“Well, as I said, you’re borderline. But if you’ll be really good, and I mean REALLY good, between now and Christmas, I’ll put you on the good list. If you’re bad, I’ll put you on the naughty list. And you don’t want that. You want to be on the good list. Don’t you?”

A pause. As if the little brat wasn’t sure! What is it with kids who won’t suck up and take a bribe when they’re offered one? Jeez! When I was a little brat -- um, I mean kid -- I NEVER refused a bribe.

“Yes, Santa Claus.”

Reel this one in. Yes!

“That’s what I thought, son.” (Yes, I called the little brat son.) “Now tell Santa Claus what you want, and if you’re really good between now and Christmas, I’ll bring it to you. How’s that?”

Of course it was fine, and of course the list of things the little brat wanted was enough to max out seven credit cards. A train set, a Motocross bicycle, a slingshot for torturing his little sister, a GI Joe with Kung Fu grip. I listened to him, patted his evil head, gave him some candy, and gratefully sent him on his way. Neither he nor his mother suspected that I wanted to stick his head in a toilet and hold it there until he died. Well, I don’t think they did.

After that, I got a bit of break. Meaning, the little girls. They were sweet and shy and wanted little Barbie dolls. If it were up to me I’d nuke Mattel, but I realized that Santa isn’t supposed to say that, so I promised them all Barbies and gave them candy and sent them on their merry way.

I still hear Mike laughing. I’m gonna give him a busted lip for Christmas. I know damn well he deliberately stunk as Santa just because he didn’t want the job. Grr!

Every little boy was a brat. I am not joking. I whipped out that borderline story with every one of them. I was tempted to scream, “You are evil and you should die and I’ll stuff your stocking with coals and switches and hope your parents beat you to death,” but that wouldn’t have been good for business. So I went into borderline story mode and drank up the parents’ gratitude while never believing it’d change a thing. I know them boys were evil. They all looked like my little brother.

Finally, I got the intellectual. The skeptic. The little one who chose not to be an evil brat, but rather a smart brat. So smart that you just wanna knock him across the room. Especially for reminding me of myself. Don’t do that!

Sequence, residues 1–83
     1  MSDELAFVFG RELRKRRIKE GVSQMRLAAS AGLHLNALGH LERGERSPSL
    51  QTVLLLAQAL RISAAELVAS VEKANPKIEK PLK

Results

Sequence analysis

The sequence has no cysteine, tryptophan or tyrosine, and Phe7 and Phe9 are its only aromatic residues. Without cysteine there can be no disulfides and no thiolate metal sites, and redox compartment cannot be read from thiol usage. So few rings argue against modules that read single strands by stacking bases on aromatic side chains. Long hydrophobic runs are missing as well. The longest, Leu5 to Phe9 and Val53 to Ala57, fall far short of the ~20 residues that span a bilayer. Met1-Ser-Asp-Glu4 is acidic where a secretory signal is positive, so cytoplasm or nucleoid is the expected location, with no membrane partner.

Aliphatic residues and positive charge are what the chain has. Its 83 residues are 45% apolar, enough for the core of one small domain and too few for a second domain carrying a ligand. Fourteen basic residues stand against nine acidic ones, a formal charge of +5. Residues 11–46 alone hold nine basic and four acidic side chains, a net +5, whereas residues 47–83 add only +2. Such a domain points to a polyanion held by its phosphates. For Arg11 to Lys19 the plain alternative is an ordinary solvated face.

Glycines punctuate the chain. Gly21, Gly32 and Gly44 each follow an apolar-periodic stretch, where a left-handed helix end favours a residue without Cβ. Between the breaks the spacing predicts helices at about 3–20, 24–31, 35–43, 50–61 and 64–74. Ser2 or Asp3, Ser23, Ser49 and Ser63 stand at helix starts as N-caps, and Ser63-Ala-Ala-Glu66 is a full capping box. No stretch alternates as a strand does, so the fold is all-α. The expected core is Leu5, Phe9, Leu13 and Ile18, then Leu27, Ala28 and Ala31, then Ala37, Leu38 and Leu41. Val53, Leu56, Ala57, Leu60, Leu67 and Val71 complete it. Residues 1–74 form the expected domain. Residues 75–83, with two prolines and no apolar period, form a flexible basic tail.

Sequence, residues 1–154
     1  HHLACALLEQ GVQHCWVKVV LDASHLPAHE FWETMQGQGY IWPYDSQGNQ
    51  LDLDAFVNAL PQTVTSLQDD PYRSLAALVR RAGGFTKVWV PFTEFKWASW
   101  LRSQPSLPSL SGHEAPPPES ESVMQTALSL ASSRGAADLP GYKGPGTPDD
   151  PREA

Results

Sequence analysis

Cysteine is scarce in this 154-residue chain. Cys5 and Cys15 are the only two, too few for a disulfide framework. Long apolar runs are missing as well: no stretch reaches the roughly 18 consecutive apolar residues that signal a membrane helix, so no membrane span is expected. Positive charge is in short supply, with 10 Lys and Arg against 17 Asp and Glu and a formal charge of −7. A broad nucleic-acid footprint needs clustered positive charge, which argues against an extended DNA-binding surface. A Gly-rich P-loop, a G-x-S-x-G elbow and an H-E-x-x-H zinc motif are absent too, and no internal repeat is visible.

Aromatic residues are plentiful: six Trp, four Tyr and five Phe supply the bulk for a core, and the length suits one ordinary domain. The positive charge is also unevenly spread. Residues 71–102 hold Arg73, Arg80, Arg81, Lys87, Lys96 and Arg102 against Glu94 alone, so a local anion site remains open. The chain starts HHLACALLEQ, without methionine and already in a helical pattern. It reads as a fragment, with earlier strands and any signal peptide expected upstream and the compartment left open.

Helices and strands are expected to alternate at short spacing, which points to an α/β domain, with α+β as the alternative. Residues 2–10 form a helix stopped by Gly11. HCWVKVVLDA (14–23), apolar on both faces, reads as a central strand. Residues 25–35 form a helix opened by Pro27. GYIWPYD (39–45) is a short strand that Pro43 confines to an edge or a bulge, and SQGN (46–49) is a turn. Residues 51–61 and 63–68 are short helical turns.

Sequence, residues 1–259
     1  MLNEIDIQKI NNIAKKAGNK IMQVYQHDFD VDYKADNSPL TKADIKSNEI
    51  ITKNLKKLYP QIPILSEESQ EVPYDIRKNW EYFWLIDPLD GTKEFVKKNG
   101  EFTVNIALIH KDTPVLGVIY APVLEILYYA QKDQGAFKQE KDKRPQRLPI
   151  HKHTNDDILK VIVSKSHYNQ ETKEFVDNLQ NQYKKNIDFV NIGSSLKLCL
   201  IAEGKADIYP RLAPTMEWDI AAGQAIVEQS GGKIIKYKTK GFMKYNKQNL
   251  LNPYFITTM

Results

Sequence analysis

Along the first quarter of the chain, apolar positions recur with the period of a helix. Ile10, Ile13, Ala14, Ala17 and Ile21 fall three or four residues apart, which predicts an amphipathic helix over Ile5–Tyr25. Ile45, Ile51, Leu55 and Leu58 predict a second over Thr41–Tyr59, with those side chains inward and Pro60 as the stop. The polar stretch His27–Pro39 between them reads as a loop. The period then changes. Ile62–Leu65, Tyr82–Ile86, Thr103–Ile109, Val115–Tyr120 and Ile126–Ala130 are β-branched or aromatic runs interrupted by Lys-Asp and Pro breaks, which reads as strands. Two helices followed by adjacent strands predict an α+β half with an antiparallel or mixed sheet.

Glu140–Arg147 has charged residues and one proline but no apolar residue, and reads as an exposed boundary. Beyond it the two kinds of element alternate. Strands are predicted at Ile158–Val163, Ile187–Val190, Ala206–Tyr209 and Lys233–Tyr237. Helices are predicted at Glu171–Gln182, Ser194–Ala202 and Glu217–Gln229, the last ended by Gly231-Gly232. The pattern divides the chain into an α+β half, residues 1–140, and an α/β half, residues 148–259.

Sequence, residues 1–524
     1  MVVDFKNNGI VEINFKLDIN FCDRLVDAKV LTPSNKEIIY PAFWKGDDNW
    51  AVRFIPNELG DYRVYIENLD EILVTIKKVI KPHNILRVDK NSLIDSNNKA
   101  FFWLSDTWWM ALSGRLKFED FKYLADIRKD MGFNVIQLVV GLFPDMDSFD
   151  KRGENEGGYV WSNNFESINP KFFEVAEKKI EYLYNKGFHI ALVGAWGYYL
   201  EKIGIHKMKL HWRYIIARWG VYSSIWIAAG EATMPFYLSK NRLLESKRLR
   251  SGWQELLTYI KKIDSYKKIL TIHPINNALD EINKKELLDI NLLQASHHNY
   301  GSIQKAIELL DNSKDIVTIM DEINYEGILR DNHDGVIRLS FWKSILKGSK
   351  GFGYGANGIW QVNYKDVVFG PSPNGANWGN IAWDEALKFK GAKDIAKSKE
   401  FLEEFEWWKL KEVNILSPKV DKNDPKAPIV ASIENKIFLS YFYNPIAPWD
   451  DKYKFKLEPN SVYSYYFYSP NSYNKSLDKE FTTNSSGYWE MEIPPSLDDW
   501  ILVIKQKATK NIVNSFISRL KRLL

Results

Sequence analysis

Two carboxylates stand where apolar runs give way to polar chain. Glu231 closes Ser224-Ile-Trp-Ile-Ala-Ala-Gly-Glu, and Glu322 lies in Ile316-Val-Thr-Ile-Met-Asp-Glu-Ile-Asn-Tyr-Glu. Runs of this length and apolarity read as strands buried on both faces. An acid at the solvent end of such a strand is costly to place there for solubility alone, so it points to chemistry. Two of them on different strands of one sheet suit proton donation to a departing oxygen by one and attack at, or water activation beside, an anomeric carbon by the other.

Now you may remember that I never received a formal job description, but something in me suspected that “knock brat across the room” wasn’t in it.

“I don’t believe any of that Santa Claus stuff. You’re just some guy in a suit and fake beard.”

This was a few hours into the shift, so I was getting cocky. “And why do you say that, young man?”

“Because there’s no way you could fly all the way around the world so fast. Not in one night. That’s just not possible.”

Smart-aleck little… dude. For a moment I thought he had me. But apparently I can “think on my feet” if pressed into a corner, because here’s my reply:

“We’re in Florida now, right?”

“Yeah.”

“And what time is it here?”

“About noon.”

“Okay, let’s say it’s noon. Do you know what time it is in Alabama?”

“No.”

“It’s still eleven in the morning. And what time is it in Texas?”

“I dunno.”

(I got your butt!)

“Ten in the morning. And in California, it’s only nine in the morning. That’s the thing, see? Time zones. I start where it’s earliest and get everybody in that time zone in one hour, then pop over to the next time zone and have an hour to get all them, and so on. And some time zones out over the ocean don’t even have people in them.”

It took him a moment to figure that all out, because I wasn’t expressing myself as eloquently as I could have. I blame it on exhaustion. But finally he replied, “Really?”

I nodded sagely.